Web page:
Refunds for accidental payments to speed up

24 April 2014

People who accidentally send payments to the wrong bank or building society account can soon expect better service when it comes to reclaiming their money.

From May 2014 a new code of best practice introduced by the Payments Council will ensure that banks and building societies will offer a consistent and swifter service for customers to recover their funds.

Under the voluntary code, banks and building societies will have to take action on a customer's behalf within two days of being notified of the error.

If a bank cannot reclaim funds straightaway - perhaps because the recipient disputes its return - the customer will be notified of the outcome of the bank's investigation within a maximum of 20 working days from when it was first notified.

If the bank cannot recover the money, customers will be given clear information on what options are available to them, such as taking the recipient to court.

While customers will have no guarantee they will recover any money paid in error, the code will ensure they receive information speedily and consistently.

If customers are not satisfied with the service they receive under the new code, they can firstly make a complaint to their provider or, failing that, the Financial Ombudsman Service.

Banks that have committed to signing up to the code are Adam & Company, Barclays, Clydesdale Bank, Coventry Building Society, Coutts, HSBC, Lloyds Banking Group, Nationwide Building Society, NatWest, Santander, Tesco Bank, The Co-operative Bank, The Royal Bank of Scotland and Ulster Bank. Others are set to announce their participation in the coming months.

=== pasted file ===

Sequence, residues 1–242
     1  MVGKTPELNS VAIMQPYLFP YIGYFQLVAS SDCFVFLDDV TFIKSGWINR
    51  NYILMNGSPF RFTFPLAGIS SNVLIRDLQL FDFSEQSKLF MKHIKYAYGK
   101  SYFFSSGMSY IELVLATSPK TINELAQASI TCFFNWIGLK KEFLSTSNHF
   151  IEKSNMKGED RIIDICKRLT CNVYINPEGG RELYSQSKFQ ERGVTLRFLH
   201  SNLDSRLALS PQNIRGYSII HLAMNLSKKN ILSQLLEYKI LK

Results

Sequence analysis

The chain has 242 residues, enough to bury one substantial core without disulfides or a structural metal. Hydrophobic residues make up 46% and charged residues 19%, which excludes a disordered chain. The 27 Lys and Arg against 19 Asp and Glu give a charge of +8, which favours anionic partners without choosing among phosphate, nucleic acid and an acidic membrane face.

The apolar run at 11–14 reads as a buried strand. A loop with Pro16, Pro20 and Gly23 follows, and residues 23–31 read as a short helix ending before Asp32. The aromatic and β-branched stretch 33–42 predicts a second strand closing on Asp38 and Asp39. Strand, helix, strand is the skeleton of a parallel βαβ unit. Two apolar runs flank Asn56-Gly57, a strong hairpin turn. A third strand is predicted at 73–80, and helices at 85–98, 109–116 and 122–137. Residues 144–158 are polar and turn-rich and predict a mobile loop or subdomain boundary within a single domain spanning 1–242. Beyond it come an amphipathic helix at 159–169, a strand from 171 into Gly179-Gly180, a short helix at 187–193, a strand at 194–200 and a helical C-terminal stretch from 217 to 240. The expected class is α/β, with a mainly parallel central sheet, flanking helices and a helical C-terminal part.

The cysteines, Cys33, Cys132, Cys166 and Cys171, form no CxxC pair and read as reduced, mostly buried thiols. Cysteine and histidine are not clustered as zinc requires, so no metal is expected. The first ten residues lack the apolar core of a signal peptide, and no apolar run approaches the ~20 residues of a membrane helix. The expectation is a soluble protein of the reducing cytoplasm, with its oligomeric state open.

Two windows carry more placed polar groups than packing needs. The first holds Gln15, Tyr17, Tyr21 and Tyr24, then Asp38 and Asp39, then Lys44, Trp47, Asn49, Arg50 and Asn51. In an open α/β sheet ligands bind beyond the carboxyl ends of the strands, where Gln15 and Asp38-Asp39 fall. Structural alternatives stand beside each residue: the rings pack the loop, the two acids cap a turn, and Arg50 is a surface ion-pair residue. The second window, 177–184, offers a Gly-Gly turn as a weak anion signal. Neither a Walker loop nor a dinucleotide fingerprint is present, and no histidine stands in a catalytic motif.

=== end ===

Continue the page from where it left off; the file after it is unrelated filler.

The right destination

Adrian Kamellard, chief executive of the Payments Council, said: "Sending a payment with the wrong sort code or account number is like sending a letter with the wrong postcode and address - it won't reach its intended destination and can be very difficult to get back. The overwhelming majority of the millions of payments we send each day reach their intended destination without any problem but if you are unlucky enough to make a mistake this new process should help."

With more payments being carried out through mobile apps, such as the new Paym system – which allows people to send money to a current account using the account holder's mobile phone number – there is the worry that fraudsters will target mobile banking.

Gabriel Hopkins at technology company FICO believes mobile payments will catch on, but also shares this concern: "People will need to be vigilant and monitor their accounts to make sure that there is no suspicious activity, as with every advance in banking technology comes a new fraud risk."

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